Aspire Spryte vs. Aspire Nautilus AIO Intro
Seeing as Aspire keep releasing AIO/pod style systems, we thought we’d continue with our efforts of pitting them against each other to see if there’s a standout winner.
So next up is the uniquely shaped Spryte against the Nautilus AIO.
Both of these devices take popular Aspire coils. The Nautilus using the much-lauded Nautilus coils (as you can tell be the name), and the Spryte the BVC coils (which are essentially the same coil without the top section).
The main differences between the two devices come with the design format, the mouthpieces, and importantly the battery & liquid capacity.
So will it just be a case of which one you prefer the look of? Or does one Aspire pod system perform far better than the other?
Aspire Spryte vs. Aspire Nautilus AIO
If you look at our table above, it seems like the Nautilus AIO has trounced the Spryte. However, in reality, it’s actually a far closer run thing, and there are a few aspects you should be aware of with both devices.
Unquestionably we think the Nautilus AIO has the more aesthetically pleasing design. The Spryte leans awkwardly when stood on a desk, and kind of resembles a nose hair trimmer.
That being said, it’s incredibly comfortable to hold in the hand, has a more clicky fire button and we think a more comfortable narrow mouthpiece. It also has a better-designed cap that can fit on the bottom of the device when not in use.
It’s also worth noting that the LED lights behind the Spryte’s fire button are much brighter.
Both devices are primarily made of plastic and weigh about the same.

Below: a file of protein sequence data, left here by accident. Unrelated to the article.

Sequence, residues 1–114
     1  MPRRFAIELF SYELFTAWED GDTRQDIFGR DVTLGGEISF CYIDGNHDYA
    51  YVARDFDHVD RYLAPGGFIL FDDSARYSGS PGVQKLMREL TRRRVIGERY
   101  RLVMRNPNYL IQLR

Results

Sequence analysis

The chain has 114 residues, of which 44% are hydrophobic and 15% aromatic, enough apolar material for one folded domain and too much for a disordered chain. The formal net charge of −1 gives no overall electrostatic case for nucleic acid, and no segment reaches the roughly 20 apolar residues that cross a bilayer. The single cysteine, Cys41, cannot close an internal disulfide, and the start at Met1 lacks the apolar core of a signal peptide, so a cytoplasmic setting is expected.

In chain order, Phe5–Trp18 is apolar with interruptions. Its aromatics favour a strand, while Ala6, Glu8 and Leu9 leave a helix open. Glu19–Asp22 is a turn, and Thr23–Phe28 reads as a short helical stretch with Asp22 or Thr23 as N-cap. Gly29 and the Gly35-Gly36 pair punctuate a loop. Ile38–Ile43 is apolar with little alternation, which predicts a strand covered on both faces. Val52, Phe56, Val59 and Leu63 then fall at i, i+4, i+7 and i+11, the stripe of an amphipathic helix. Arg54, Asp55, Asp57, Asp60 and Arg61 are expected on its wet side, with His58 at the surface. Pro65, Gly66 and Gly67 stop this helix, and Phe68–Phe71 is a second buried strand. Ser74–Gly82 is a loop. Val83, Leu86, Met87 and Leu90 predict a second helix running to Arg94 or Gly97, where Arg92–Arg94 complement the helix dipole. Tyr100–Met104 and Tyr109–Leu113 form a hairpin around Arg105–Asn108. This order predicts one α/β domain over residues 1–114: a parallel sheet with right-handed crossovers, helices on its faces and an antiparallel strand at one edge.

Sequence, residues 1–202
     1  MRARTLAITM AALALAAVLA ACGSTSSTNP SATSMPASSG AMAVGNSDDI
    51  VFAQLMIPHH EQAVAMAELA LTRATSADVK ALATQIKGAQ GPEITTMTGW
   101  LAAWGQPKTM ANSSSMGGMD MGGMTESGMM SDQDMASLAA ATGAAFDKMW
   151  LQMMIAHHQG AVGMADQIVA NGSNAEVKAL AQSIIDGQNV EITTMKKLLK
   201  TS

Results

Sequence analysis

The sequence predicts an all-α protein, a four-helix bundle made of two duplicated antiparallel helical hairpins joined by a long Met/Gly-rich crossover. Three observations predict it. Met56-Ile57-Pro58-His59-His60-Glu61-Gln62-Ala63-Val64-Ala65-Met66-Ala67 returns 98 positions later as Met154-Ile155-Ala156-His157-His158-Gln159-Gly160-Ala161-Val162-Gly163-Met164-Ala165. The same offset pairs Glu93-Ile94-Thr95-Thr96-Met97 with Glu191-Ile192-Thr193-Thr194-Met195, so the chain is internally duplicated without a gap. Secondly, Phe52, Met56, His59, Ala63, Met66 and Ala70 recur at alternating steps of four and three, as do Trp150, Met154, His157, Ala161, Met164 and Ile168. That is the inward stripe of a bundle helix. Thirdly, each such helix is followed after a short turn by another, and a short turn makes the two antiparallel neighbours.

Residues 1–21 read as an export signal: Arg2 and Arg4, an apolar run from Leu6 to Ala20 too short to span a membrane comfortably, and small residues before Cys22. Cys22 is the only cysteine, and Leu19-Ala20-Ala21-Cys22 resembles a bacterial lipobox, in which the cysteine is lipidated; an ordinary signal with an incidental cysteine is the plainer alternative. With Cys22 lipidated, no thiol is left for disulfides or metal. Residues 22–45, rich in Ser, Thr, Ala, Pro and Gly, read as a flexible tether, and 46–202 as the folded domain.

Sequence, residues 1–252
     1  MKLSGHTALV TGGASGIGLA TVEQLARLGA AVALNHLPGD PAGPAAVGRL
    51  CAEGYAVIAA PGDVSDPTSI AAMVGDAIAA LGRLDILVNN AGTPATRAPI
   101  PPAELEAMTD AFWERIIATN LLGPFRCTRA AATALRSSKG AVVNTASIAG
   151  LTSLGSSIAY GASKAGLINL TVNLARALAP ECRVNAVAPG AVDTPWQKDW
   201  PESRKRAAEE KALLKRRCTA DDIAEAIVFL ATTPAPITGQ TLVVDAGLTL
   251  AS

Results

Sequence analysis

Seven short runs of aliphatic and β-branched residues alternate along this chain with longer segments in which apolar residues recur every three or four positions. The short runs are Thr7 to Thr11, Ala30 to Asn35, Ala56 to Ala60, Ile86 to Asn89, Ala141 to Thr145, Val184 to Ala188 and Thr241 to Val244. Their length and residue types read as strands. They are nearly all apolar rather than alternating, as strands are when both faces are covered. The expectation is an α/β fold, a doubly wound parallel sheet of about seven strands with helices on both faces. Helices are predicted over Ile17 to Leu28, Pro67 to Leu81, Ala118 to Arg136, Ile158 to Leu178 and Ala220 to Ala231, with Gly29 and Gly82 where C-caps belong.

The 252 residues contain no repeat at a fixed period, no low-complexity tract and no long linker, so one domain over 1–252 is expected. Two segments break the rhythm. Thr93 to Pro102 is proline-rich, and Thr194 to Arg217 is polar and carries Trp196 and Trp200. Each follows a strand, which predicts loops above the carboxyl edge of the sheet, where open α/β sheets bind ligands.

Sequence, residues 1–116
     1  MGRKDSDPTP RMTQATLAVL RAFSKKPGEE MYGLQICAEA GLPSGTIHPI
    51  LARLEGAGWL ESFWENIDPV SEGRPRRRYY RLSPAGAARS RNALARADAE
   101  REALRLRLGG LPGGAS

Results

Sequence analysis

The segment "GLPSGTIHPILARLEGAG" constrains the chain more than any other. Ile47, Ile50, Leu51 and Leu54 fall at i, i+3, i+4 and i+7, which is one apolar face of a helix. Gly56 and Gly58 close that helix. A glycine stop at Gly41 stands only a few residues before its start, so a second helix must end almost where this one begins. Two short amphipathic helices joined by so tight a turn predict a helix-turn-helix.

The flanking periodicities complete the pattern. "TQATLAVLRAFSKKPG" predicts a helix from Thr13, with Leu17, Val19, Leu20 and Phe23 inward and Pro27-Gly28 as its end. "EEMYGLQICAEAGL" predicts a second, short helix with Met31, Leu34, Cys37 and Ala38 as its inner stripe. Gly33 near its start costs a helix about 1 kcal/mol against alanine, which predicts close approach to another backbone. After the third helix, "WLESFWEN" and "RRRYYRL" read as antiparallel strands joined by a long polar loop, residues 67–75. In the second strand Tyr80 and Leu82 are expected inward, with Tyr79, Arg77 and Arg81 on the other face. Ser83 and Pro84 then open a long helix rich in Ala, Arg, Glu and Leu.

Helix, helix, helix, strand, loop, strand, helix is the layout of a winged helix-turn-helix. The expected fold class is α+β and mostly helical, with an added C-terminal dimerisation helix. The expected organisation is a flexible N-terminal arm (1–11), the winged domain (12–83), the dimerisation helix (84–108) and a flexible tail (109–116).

Even with all of the above in mind, we still think the AIO wins it on the design front.
The Spryte has a 3.5ml capacity, compared to the Nautilus AIO’s 4.5ml. If you are in the EU, then 2ml is your limit for both so shouldn’t really be a deciding factor.
The Spryte is a constant output device, and although we can’t find the specifics on the Nautilus AIO, it feels like it is also. Both perform the same with a low battery so that one is a draw.
Both pods systems have the same filling method and airflow control, and as we said above the same type of coils so should be the same on performance.
However, we feel you get a slightly better MTL experience from the Spryte (due to the mouthpiece). It’s so close though that it’s almost negligible.
On paper, the Nautilus AIO has the bigger battery at 1000mAh compared to the Spryte’s 650mAh. We noticed in everyday use with a 1.8ohm coil that there wasn’t as much between them as you’d expect.
Still, the Nautilus did last a little longer, so it wins this category.
(We were notified that on DJLSB’s review channel, he tested both battery capacities and showed the Spryte as being underrated, actually coming in at 734mAh. Conversely, the Nautilus AIO was overrated coming in at 871mAh – which certainly matches our experience).
As you’d expect coil life of both is pretty much on par also. However, it’s worth noting that the Nautilus coils are older and probably more readily available (especially in bricks & mortar stores) so that could be a deciding factor.
Ultimately it’s a tough one to call, and a lot closer than it looks on paper. However, if you don’t have either of these devices, we’d say the Nautilus AIO is still the better choice to spend your money on.